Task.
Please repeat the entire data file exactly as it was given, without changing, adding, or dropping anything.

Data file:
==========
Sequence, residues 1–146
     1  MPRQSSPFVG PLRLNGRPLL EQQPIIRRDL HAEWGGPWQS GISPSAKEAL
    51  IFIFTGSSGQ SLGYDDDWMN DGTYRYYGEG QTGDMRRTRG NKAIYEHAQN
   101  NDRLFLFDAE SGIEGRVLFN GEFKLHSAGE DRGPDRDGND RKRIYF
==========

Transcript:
Sequence, residues 1–146
     1  MPRQSSPFVG PLRLNGRPLL EQQPIIRRDL HAEWGGPWQS GISPSAKEAL
    51  IFIFTGSSGQ SLGYDDDWMN DGTYRYYGEG QTGDMRRTRG NKAIYEHAQN
   101  NDRLFLFDAE SGIEGRVLFN GEFKLHSAGE DRGPDRDGND RKRIYF